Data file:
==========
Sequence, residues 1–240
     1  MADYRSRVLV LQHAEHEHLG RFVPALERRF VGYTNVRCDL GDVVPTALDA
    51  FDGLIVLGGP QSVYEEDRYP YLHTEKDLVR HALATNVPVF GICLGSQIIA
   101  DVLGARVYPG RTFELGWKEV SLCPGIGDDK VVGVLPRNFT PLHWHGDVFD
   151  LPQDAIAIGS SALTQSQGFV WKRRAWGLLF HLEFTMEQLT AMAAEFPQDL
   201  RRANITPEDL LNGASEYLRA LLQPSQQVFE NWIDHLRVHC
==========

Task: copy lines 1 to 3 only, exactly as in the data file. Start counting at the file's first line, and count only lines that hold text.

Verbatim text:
Sequence, residues 1–240
     1  MADYRSRVLV LQHAEHEHLG RFVPALERRF VGYTNVRCDL GDVVPTALDA
    51  FDGLIVLGGP QSVYEEDRYP YLHTEKDLVR HALATNVPVF GICLGSQIIA